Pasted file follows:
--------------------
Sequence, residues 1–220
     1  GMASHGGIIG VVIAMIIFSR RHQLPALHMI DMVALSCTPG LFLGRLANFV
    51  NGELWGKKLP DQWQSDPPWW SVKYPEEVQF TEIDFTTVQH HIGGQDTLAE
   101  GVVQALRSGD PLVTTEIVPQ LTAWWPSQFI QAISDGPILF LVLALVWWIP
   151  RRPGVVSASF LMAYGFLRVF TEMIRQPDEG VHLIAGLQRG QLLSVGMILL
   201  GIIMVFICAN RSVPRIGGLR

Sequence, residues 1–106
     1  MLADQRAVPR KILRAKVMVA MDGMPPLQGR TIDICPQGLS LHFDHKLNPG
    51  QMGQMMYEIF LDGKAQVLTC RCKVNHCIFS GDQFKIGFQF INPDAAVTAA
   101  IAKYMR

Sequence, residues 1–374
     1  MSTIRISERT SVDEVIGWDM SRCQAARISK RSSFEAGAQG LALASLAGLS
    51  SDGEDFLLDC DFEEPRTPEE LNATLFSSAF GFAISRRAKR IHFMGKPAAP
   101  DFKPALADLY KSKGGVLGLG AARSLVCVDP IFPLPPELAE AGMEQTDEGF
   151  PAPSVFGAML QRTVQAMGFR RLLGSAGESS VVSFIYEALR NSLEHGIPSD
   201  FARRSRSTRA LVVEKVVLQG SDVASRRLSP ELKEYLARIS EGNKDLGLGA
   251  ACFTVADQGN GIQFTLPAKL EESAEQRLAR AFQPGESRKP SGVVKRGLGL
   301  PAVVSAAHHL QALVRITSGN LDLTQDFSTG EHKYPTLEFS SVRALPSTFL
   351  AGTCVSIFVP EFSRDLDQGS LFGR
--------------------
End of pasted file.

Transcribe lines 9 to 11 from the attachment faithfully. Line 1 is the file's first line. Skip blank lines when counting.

    51  QMGQMMYEIF LDGKAQVLTC RCKVNHCIFS GDQFKIGFQF INPDAAVTAA
   101  IAKYMR

Sequence, residues 1–374